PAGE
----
DALLAS (AP) — Travel slowly began to return to normal as temperatures rose slightly in North Texas on Monday following an ice storm that forced the cancellation of hundreds of flights, closed schools and cut electricity to thousands of homes and businesses.
The Texas Department of Transportation urged drivers to use caution, as many bridges remained icy. The National Weather Service expected warmer conditions and sunny skies on Tuesday.
The transportation agency said late Sunday that it had reopened all major highways in the areas hardest hit by the wintry weather.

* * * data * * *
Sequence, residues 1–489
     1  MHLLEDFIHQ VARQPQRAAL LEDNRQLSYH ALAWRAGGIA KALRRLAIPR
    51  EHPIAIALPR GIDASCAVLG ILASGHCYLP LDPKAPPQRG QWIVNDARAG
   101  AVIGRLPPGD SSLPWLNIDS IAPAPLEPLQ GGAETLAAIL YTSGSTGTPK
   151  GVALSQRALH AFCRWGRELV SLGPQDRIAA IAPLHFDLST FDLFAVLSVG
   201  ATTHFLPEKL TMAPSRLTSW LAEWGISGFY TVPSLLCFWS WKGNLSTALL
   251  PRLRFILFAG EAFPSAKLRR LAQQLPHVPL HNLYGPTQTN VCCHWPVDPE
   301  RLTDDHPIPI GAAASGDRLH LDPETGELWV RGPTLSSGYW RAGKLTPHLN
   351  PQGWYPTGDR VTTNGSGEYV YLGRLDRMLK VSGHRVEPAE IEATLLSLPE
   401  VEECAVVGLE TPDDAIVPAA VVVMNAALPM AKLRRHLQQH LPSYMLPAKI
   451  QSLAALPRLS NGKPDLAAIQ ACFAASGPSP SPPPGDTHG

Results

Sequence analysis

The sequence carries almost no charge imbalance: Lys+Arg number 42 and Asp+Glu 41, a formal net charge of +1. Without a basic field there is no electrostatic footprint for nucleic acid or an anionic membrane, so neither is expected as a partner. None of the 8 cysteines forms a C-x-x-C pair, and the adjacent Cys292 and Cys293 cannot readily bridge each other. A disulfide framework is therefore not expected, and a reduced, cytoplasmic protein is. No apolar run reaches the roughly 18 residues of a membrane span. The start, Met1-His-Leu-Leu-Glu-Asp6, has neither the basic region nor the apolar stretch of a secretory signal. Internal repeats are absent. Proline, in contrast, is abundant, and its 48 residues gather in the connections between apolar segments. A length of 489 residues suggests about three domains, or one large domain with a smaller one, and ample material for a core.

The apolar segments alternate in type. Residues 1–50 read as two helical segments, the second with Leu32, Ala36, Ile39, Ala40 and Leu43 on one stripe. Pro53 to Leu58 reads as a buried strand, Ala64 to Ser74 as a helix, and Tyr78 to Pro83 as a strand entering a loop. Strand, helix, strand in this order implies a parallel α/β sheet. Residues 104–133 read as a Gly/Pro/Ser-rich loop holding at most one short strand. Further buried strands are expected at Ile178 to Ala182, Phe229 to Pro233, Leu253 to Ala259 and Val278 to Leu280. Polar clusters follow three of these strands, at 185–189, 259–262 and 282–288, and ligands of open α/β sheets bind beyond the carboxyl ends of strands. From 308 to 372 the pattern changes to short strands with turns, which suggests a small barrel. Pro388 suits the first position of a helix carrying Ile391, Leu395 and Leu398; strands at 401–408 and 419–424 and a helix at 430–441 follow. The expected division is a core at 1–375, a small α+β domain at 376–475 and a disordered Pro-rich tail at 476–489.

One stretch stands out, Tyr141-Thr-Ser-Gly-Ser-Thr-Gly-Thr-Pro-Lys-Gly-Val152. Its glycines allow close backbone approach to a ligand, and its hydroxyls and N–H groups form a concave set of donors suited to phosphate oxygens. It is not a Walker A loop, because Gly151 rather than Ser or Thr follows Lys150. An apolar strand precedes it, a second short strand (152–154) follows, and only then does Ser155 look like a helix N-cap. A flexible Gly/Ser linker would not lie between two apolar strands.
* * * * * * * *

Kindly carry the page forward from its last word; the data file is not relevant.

Over the weekend, church services were canceled, some businesses closed and grocery stores scrambled to keep up with demand in the Dallas-Fort Worth area due to the freezing temperatures.
Fort Worth-based American Airlines and American Eagle canceled 700 flights on Monday, mainly in North Texas. The carriers on a typical day operate about 3,500 flights, said spokeswoman Dori Alvarez.
About 650 people were stranded Sunday night at Dallas-Fort Worth International Airport, said David Magana, an airport spokesman. About 2,000 travelers were stranded there on Saturday night, while Friday night about 4,000 travelers were stranded, he said. All five of the regularly used runways were opened Monday, as well as a sixth one.
"It's signs of progress," Magana said.
More than 500 departures were scheduled Monday out of DFW, about 60 percent of their regular schedules, the airport said in a statement late Monday. Routine flight schedules are expected Tuesday.